Santiago Vera’s son is upset he doesn’t have homework yet.
Althea Duhaney says her daughter had an accident in class because the teacher didn’t see that she had raised her hand asking to use the bathroom.
And several other parents of Kindergartners at Maurice W. Downing School in Malverne are upset about the lack of support for teachers in the primary grades this year.
“They are swamped,” one parent and a teacher herself in the New York City school system, said. “Children are being basically pushed to the side.”
Superintendent James Hunderfund explained that among the 50 positions the district cut last year when crafting its budget were the classroom monitors, at a savings of about $75,000.
“We didn't want to cut anything,” he said, “but we had to do something to make the budget come in the range we wanted it to be.”
The cuts also resulted in a small increase in the district’s class sizes, so that the average Kindergarten class has 22 students now, a figure Hunderfund said is still lower that most school districts in Nassau County. He added that the district is currently looking into using funds to restore some positions that were eliminated, focusing on those pertaining to state-mandated Academic Intervention Services (AIS).
“I understand financially cuts are happening all over the place,” the mother and NYC educator said. “I also know about AIS and that children in primary grades need help now so you don't need so much AIS in the future.”
Her comments, along with others made at Tuesday night’s board meeting, provoked applause from fellow parents of Kindergartners in attendance.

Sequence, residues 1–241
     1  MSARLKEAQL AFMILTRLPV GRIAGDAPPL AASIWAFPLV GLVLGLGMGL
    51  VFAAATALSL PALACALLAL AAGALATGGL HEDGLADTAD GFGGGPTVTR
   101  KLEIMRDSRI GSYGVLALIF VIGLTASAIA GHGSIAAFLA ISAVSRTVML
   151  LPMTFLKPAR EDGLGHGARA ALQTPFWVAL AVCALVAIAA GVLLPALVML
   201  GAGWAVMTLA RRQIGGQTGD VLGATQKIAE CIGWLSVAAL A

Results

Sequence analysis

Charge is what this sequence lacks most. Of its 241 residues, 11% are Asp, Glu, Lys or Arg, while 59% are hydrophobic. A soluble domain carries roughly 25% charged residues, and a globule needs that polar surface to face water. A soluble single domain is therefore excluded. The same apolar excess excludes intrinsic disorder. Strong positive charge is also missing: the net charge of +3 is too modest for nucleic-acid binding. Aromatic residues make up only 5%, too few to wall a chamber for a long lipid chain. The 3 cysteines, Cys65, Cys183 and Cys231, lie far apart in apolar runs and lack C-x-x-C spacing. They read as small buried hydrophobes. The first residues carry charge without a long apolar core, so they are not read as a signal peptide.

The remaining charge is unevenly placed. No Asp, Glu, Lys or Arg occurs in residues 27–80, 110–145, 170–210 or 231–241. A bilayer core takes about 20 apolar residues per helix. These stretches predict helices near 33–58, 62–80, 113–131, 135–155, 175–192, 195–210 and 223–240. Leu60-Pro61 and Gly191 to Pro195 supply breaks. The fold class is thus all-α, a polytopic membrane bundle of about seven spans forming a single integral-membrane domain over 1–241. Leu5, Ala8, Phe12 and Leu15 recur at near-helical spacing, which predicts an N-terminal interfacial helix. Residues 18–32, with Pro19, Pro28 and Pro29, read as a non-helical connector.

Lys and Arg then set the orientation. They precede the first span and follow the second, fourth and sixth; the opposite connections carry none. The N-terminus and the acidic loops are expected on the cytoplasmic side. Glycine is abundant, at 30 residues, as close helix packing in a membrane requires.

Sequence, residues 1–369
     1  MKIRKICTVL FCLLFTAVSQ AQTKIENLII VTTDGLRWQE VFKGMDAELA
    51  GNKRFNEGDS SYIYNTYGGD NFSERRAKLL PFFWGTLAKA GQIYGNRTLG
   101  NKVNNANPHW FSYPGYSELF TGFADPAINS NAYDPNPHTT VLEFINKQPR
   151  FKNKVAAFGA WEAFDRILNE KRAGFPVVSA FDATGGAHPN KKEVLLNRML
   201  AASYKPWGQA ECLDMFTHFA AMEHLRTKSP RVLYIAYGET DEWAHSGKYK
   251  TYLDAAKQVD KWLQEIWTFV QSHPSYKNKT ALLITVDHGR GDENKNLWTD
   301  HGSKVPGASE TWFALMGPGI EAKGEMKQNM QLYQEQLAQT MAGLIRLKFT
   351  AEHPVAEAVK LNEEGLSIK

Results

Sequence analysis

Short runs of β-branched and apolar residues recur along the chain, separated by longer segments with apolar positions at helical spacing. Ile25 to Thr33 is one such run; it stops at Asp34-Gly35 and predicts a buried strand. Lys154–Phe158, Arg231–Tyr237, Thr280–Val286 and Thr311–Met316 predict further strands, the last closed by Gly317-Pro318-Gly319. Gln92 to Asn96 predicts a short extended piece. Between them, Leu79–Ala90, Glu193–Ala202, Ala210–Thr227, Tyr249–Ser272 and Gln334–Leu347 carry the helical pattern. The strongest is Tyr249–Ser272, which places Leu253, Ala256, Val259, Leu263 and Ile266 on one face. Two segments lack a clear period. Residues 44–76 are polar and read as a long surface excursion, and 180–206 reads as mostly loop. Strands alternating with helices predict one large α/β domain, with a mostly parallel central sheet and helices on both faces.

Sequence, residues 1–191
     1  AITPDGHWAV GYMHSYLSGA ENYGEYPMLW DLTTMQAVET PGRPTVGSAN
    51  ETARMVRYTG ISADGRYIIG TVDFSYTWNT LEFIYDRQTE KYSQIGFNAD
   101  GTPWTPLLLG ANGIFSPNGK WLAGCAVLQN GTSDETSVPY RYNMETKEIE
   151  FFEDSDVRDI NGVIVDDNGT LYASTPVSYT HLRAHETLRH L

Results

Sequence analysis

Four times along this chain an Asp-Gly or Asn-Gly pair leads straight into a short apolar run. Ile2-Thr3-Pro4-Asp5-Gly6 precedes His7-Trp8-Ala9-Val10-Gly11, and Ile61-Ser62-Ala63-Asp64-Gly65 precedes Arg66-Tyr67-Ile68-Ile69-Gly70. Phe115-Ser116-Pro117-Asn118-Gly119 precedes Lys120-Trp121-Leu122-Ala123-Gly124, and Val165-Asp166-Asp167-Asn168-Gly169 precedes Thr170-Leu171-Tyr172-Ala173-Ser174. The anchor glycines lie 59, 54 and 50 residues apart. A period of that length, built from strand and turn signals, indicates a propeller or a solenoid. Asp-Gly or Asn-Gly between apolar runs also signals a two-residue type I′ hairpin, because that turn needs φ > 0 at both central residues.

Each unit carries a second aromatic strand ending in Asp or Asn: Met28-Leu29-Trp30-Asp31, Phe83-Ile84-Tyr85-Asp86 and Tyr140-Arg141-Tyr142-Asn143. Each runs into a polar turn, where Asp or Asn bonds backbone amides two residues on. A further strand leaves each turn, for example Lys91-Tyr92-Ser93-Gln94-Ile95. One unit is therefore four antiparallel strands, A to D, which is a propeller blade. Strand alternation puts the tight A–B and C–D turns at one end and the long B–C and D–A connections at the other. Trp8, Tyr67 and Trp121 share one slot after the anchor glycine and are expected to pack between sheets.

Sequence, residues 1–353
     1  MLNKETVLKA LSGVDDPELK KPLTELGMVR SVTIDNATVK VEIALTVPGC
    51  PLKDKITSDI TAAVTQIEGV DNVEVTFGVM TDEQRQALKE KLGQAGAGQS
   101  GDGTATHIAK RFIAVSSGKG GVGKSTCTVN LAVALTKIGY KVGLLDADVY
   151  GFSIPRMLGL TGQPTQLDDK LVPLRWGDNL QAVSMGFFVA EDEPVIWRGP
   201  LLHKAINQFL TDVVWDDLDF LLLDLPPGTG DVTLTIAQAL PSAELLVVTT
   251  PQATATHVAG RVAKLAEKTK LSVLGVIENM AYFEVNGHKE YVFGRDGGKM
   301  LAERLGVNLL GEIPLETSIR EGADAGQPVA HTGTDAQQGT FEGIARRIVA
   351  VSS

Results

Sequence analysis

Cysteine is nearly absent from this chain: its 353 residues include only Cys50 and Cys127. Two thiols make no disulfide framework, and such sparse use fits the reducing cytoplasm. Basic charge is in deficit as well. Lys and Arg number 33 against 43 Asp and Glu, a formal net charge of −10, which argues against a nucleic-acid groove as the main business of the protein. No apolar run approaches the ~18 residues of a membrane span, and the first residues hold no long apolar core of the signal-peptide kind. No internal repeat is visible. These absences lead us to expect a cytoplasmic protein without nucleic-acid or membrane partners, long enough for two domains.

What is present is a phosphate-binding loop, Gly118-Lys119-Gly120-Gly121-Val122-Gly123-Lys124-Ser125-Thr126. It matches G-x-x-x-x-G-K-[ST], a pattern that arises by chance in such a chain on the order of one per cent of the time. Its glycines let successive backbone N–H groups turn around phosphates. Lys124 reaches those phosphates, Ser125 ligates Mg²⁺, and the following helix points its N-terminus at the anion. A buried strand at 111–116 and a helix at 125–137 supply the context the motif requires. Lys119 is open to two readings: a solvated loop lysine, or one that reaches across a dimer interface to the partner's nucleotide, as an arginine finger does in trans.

“We are outraged,” MacArthur Wilson, a father who had sent his other children to private school but decided to “take a chance” on Malverne with his daughter.
Board Trustee Gina Genti asked Downing Principal Margaret McDaid if she would consider using volunteers to fill the void left by the loss of paid classroom monitors.
“It depends on who the volunteers would be,” McDaid said, adding that she wouldn’t want parents helping out in their own children’s classrooms.
Hunderfund said the district is looking into the situation and will fix the problem but that the size of the classes would not change.
“We are here to support you, but we need to understand what you think we should do,” he told the parents, instructing a number of them to speak with district officials immediately following the meeting.
Kevin Farrell, a father of a Kindergarten student, suggested the district resolve the problem within a week, adding, "I think that's reasonable. It's a simple solution."
“I would love to have an aid in every classroom,” Genti said, but added, “This is our reality. We cut everything..and it's going to get worse.”
She said they could look into volunteerism though. Board President Danielle Hopkins then called for the board to go into executive session to discuss how to solve the problem in private.
Duhaney had just one request: “We ask that the assessment be quick and timely…and our children don't have to suffer.”
Check Patch for a follow-up story.